“We continue to help Ukrainians in their fight against Russian occupation forces,” the group said tweeted on Sunday. “The railways is under attack. … Manual control mode is enabled, which will slow down the movement of trains but will NOT create emergency situations. It will not end ordinary citizens! ”
Cyber party spokesperson Yuliana Shemetovets told WIRED that the group has grown in recent weeks. “Five new people, Belarusians, joined the group since the war started,” she said. “More are on the list to be verified.”
Meanwhile, the Conti and CoomingProject ransomware groups declared their allegiance to Russia last week. Soon after, more than 60,000 of Conti’s internal messages leaked along with the message “Glory to Ukraine!” The trove, presumably leaked by Conti affiliate, reveals details about how the group is organized and how it operates. On Wednesday, Conti seemed to be dismantling its infrastructureevidence of the impacts hacktivism can have whether or not such protests have directly shaped the course of the war.
Hacktivists aren’t the only ones leaking troves of data left and right. On Tuesday, the Ukrainian newspaper Pravda published A trove of personal data allegedly identifying roughly 120,000 Russian soldiers deployed in Ukraine. And Ukraine’s “IT Army” has been working to employ some hacktivist techniques in a more organized and strategic way to produce specific results.
“DDoS is all well and good, but it’s a blunt instrument,” an IT Army participant who goes by “November” tells WIRED. “We wish to be more precise, carefully selecting our targets and avoiding any collateral damage to the livelihood and wellbeing. of the Russian citizenry. Our primary concern is in countering Russian disinformation on the conflict, by any means possible, and providing quality open-sourced intelligence in an effort to preserve Ukrainian lives. “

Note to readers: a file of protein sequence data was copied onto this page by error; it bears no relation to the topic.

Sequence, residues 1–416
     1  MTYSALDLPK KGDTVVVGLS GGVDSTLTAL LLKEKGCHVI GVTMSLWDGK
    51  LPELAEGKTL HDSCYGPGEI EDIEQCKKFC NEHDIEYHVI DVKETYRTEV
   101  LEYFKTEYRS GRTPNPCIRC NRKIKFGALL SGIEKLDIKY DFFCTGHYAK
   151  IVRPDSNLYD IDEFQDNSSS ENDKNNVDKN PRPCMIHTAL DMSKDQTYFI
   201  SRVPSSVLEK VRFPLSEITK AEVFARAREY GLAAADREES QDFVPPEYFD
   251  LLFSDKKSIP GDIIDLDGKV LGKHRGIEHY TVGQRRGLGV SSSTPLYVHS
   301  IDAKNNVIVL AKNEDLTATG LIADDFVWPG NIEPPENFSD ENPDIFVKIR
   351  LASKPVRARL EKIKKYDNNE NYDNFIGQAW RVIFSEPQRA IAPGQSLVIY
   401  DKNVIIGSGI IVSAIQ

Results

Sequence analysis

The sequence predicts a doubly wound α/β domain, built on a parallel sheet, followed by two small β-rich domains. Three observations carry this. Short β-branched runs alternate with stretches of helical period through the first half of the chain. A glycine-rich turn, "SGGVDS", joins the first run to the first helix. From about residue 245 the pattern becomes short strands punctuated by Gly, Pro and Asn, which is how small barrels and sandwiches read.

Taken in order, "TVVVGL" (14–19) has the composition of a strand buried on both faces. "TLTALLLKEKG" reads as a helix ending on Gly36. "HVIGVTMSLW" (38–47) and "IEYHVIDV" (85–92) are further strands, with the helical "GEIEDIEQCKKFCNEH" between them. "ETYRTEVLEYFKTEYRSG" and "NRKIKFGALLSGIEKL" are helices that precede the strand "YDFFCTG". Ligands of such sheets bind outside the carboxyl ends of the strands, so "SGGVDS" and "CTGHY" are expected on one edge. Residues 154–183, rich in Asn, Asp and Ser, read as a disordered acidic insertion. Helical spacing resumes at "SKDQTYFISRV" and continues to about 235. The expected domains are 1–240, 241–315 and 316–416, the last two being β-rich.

In a situation like the invasion of Ukraine, hacktivism could do more harm than good. Some researchers note that a worst case scenario of hacktivism would be an incident or series of attacks that inadvertently escalates a conflict or is used as a pretext for escalation by one side or the other.
Additionally, by calling attention to the cybersecurity shortcomings of high-sensitivity networks and digital platforms, hacktivists could inadvertently expose friendly intelligence forces already lurking there.
“Hacktivism by its very nature is always loud and intelligence by its nature is usually quiet,” says incident responder and former NSA hacker Jake Williams. “Well-meaning hacktivists being loud may unwittingly lead security forces to intelligence operations that may have been ongoing in that network and flying under the radar. So they’re essentially outed and lose access because of an investigation into a hacktivist attack. “
Some hacking tools used by that intelligence force may also be exposed in such a situation, rendering them less useful.
Williams adds that when spies lose access to information they want or need during a combat situation they will be forced to attempt to reestablish that access however they can. This can result in being willing to take more risks of exposing yourself and using more hacking tools that could later be exposed just to get the job done quickly.
“When there are boots on the ground, when there are bullets flying it absolutely changes the calculus on whether hacktivism is a net positive,” he says. “All that said, if I were Ukrainian I would probably be hacking the hell out of Russian stuff and I could care less about the West’s long term intelligence capability.”
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